On July 1, Metro-North began the right-of-way improvement program in the Bronx between Melrose and Woodlawn, a critical six-mile section of the railroad. New Haven and Harlem Line trains operate over the four tracks in this area and then merge with the Hudson Line south of this location.
The project includes replacement of concrete ties and ballast, as well as drainage improvements, fencing repairs and general cleanup.
Because this area was carved from bedrock, the drainage is poor and rain water and snow melt tend to pool just below the surface. This standing water has caused premature deterioration of the concrete ties, which were installed between 1990 and 1996.
The trackwork here and elsewhere is critical for maintaining the track infrastructure and to reverse the effects of years of poor drainage and flooding, as well as preventing its future deterioration.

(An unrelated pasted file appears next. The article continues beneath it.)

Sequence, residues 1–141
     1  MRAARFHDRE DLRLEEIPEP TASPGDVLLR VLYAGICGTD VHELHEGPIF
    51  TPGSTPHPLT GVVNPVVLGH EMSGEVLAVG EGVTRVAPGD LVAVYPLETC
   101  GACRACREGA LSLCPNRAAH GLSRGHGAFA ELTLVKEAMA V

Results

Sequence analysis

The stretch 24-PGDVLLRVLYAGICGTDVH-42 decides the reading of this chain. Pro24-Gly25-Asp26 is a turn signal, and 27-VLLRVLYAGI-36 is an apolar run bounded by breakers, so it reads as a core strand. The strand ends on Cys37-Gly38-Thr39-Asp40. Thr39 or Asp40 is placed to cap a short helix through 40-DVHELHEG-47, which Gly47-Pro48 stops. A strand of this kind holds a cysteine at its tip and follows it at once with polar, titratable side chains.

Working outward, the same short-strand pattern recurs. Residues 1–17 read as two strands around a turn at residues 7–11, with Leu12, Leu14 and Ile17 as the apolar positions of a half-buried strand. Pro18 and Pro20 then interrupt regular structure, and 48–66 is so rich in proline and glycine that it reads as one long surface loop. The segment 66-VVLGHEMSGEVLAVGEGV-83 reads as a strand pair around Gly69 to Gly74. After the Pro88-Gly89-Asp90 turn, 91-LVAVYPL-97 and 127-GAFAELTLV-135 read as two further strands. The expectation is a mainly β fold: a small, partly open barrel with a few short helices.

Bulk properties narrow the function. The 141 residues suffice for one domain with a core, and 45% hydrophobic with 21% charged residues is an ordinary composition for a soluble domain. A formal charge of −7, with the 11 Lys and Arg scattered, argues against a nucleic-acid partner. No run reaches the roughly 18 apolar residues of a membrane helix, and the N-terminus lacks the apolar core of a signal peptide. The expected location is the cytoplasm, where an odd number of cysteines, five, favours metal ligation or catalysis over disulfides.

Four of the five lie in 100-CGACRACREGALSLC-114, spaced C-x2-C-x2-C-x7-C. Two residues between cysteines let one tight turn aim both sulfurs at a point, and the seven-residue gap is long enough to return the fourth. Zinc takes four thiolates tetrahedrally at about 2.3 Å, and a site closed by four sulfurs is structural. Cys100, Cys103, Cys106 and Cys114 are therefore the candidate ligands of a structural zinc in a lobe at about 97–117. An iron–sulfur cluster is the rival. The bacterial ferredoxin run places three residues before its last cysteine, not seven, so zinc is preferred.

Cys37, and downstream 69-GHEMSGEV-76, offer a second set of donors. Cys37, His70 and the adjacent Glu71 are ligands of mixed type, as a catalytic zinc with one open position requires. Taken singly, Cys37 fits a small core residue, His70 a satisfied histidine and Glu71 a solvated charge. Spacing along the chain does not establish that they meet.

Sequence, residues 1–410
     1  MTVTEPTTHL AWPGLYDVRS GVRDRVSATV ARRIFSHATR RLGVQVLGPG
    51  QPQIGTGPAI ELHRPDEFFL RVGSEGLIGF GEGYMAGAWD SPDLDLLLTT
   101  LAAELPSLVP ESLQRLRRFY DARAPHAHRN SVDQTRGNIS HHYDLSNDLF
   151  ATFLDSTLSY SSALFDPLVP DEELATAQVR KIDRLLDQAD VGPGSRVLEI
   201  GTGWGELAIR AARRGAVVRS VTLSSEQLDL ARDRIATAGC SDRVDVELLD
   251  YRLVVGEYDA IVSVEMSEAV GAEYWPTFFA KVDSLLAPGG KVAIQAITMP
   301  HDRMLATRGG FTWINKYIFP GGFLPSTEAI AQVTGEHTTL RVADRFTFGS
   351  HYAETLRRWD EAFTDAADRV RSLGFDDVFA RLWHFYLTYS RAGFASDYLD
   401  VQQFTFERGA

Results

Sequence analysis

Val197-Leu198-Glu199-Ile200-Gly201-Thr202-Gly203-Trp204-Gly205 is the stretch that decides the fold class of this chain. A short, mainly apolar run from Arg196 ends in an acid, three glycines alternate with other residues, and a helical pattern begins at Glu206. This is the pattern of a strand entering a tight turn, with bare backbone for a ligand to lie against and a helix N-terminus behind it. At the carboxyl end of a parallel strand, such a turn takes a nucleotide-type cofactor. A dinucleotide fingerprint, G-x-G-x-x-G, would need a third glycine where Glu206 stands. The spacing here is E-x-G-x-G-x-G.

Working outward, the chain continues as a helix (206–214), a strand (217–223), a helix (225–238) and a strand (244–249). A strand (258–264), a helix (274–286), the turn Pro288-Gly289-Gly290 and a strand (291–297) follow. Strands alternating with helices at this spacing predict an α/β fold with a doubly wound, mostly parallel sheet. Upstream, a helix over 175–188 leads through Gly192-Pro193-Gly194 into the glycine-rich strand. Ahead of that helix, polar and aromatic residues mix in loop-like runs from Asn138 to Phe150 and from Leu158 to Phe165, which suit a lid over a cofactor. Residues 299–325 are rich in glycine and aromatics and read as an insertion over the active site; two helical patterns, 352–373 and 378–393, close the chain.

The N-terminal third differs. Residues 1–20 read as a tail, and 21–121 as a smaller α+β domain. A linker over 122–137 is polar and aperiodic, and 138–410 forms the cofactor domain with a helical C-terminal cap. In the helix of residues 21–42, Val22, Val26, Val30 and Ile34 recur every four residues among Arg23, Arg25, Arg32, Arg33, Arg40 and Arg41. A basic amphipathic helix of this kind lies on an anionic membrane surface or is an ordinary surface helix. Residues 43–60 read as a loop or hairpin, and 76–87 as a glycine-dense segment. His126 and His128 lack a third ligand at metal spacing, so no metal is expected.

As part of the overall right-of-way improvements, fencing that runs along the top of the "cut" is being repaired. Because the tracks are below street level in a trough, they are an easy target for litter. Part of the project will be removal of discarded household items and other debris.
Work was completed on the inbound (to New York) track on August 5. As of August 12, work has commenced on the remaining three tracks in the area. The extensive program of work is being undertaken one track at a time. In the long term, Metro-North says the Bronx Right-of Way Improvement Project will restore the high reliability of its service through this important section of the railroad and improve riders' commute.